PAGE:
This two-part series is written by David El-Achkar, an ex-McKinsey consultant and part of the MCN's Advisory Board. Haven't read Part 1? Check it out here. David is an engineer by degree, a consultant by experience, and an entrepreneur at heart. He also puts everyone to shame by being the world healthiest man. He writes for his personal blog, which you should absolutely check out here. His full bio is at the end of the article.
How 2 Years in Consulting Both Helped and Hindered My Startup Adventure: Part 2
Now that I’ve mentioned the benefits of moving from consulting to startups, it’s time to talk about the flip side, how consulting made things more difficult.
How Consulting Hindered My Startup Progress
A Large Company Once Said: Just do it!
A common criticism of consulting is that it’s all strategy and no implementation. Consultants come in, analyze from 10,000 feet above, hand over slides with recommendations, and move on. This isn’t entirely true, but when I compare the work of a consultant to that of an entrepreneur, this exaggeration helps highlight how different the roles of each are.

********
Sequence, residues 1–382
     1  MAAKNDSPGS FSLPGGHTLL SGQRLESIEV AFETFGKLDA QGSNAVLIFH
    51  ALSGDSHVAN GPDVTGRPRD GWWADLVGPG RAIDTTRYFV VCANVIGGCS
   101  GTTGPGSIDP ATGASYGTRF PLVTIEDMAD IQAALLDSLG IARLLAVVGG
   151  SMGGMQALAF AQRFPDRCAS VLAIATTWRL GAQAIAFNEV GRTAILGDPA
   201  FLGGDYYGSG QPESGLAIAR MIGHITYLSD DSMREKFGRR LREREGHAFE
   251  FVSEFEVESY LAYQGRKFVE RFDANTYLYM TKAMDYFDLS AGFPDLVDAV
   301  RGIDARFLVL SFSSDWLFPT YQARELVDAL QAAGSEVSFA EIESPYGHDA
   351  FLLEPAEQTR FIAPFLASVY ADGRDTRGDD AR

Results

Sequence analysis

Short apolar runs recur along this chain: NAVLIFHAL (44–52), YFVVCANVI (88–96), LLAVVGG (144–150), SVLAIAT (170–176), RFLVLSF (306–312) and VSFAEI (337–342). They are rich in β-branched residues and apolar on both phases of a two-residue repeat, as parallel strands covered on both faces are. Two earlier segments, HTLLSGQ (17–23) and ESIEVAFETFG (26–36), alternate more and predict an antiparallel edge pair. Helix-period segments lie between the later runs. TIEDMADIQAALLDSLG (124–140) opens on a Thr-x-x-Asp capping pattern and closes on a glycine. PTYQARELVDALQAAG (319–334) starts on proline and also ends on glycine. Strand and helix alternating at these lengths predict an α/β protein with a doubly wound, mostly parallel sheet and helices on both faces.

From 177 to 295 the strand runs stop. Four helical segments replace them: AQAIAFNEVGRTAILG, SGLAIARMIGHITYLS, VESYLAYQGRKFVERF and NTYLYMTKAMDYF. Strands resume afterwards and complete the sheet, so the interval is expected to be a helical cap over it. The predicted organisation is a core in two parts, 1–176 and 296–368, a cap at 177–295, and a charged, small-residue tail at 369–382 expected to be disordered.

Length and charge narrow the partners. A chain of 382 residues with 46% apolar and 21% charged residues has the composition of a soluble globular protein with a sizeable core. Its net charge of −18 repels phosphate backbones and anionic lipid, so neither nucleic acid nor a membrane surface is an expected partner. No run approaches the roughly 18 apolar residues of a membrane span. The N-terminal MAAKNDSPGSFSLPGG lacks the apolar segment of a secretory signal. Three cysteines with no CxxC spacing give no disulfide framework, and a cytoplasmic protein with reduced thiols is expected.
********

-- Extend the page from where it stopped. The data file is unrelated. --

My experience in consulting has taught me to be very meticulous and thorough when evaluating decisions—sometimes to a fault. On several occasions, I catch myself over-analyzing to the point of paralysis. This can prove to be a dangerous habit in the startup world.
The cost of an error in early stage companies is low. The underlying reason is that small size and nimbleness allows for quick detection of errors and rapid course-correction where needed. Hence, in a startup, I am better off quickly executing on decisions rather than cautiously over analyzing and vetting them. The insights I gain from evaluating actual outcomes are significantly greater than those gained from evaluating hypothetical scenarios. Often times, the best and only way forward is to just get your hands dirty.